Today, the Moon is in first quarter phase and has only a quarter orbit to go before to meet the Earth’s shadow cone The partial eclipse will begin September 28 in 4:07:11 in Moscow, and the full phase in 5:11:10 Maximum is expected at 5:47:07 in an already bright sky just before dawn. Unfortunately in Moscow the moment of coming out of the shadow is not visible – half an hour after the maximum the Moon will hide behind the horizon and the Sun will rise.
Early Monday morning is not the most convenient time, and the visibility of the full phase is far from ideal (Moon height is less than 10 degrees).Nevertheless, I still suggest watching this phenomenon for the following reasons :
- This eclipse will coincide supermoon and the Moon will be slightly larger than usual, and the proximity to the horizon will further enhance the effect (see illusion of the moon ).
- The next total lunar eclipse visible in the European part of Russia will occur only July 27, 2018.
Note. The times indicated are true for any time zone-adjusted observer’s location. Only the position of the Moon in the sky will vary. Unfortunately, for many of our compatriots (e.g. Siberians), the eclipse will occur after the Moon sets. Visibility conditions described here are true for Muscovites and residents of neighboring regions.
Choosing a place to observe
If your window faces west or southwest and the view of the horizon is not blocked by houses and trees, you are lucky and can watch the eclipse from home. Otherwise, you’ll have to find a suitable observation site. The sky in a westerly direction should be visible up to at least 5 degrees, otherwise you won’t see the full phase. For the rest of the week before the eclipse, the Sun will be in the correct area of the sky at about 5:20 pm (± 5 min).Use this fact to see if you can see the full phase from your chosen location – it should be illuminated by the sun’s rays at 5:20 p.m.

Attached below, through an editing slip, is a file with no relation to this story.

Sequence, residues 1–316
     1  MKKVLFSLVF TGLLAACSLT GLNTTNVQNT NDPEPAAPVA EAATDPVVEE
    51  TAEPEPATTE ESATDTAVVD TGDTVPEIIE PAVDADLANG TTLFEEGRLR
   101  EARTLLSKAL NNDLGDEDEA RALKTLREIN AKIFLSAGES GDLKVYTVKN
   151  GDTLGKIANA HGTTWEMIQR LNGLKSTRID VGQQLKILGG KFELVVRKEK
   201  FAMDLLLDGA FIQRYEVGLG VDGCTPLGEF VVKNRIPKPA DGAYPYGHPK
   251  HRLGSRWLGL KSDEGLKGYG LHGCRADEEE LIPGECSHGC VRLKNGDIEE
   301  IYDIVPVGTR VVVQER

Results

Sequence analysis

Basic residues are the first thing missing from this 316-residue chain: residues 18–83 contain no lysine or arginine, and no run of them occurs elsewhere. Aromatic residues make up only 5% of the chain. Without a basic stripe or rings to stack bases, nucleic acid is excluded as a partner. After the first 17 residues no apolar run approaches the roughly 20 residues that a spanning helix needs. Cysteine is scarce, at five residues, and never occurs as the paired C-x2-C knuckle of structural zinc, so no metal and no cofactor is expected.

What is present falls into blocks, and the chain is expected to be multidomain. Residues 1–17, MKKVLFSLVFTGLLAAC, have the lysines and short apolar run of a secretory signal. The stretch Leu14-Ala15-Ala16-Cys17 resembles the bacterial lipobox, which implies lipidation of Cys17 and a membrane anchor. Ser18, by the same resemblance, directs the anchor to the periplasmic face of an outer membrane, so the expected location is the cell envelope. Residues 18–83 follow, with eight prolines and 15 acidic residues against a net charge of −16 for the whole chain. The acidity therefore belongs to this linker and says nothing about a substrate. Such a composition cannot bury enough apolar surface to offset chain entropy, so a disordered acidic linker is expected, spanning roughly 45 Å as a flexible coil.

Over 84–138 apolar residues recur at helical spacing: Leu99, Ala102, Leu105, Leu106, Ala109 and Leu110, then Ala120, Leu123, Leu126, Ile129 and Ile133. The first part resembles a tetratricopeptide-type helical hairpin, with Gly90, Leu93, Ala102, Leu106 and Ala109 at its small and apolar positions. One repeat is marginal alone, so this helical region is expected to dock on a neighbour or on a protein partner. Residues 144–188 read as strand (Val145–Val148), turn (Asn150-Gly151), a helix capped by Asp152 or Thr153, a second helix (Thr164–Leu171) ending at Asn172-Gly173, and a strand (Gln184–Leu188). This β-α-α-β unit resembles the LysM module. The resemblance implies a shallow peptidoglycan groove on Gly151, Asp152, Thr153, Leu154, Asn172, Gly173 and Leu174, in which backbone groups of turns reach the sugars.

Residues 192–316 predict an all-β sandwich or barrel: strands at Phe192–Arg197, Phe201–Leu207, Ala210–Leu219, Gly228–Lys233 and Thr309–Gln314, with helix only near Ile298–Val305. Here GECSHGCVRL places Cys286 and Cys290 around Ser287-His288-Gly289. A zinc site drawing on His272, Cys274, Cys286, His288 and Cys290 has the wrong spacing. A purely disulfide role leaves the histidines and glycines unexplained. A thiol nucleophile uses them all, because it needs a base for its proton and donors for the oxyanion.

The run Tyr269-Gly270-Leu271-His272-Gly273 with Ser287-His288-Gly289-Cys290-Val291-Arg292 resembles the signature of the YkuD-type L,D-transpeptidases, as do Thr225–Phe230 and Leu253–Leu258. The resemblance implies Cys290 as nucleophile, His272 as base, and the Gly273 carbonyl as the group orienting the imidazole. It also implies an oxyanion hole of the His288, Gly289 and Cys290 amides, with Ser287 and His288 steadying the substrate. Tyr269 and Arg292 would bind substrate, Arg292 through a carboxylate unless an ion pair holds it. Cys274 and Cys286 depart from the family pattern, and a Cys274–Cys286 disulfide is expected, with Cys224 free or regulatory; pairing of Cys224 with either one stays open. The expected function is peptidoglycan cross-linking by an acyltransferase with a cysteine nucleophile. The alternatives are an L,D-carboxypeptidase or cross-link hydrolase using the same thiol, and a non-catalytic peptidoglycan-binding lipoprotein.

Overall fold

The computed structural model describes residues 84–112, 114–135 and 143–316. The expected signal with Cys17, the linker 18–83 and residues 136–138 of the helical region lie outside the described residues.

If you have a camera with a telephoto lens, take it with you. You can get by without a tripod for partial phases, but for the full phase it’s better to mount your camera – the lunar disk will darken a lot and you’ll need a faster shutter speed.
The penumbra phase of the eclipse will begin at 3:11:47 but you’re unlikely to see any changes with the naked eye. But if you take a picture of the moon after about half an hour, you will see in the photo that the full lunar disk is irregularly illuminated – the left edge is darker. This is explained by the fact that for an observer on the Moon at that moment the Sun is already partially covered by the Earth, and the degree of closure differs for different points on the surface. By the way, a picture of the full Moon before the penumbra phase will be interesting because it will be the fullest Moon you can photograph from Earth (usually on a full Moon one edge of the Moon is a bit flaky, see “The full Moon”). have you ever seen a full moon ).
Shortly before the beginning of the private eclipse, a slight darkening of the upper left edge of the lunar disk will already be visible to the eye.
Then the Moon will suddenly lose its perfectly round shape – a private phase will begin.
Position of the Moon among the stars of the constellation Pisces at the moment the shadow touches :
At about 4:45, the shadow of the Earth will cover half of the lunar disk. The moon will have dropped to 13º above the horizon by then.